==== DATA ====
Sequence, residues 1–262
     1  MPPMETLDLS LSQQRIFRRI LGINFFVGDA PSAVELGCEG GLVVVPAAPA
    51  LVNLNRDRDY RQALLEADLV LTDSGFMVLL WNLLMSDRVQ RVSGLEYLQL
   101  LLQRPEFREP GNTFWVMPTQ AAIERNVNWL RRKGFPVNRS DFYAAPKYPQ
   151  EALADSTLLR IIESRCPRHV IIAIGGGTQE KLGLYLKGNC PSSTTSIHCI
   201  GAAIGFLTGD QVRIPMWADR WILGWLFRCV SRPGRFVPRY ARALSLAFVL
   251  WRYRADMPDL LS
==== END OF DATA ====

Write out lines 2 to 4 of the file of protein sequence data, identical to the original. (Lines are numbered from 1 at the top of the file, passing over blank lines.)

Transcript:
     1  MPPMETLDLS LSQQRIFRRI LGINFFVGDA PSAVELGCEG GLVVVPAAPA
    51  LVNLNRDRDY RQALLEADLV LTDSGFMVLL WNLLMSDRVQ RVSGLEYLQL
   101  LLQRPEFREP GNTFWVMPTQ AAIERNVNWL RRKGFPVNRS DFYAAPKYPQ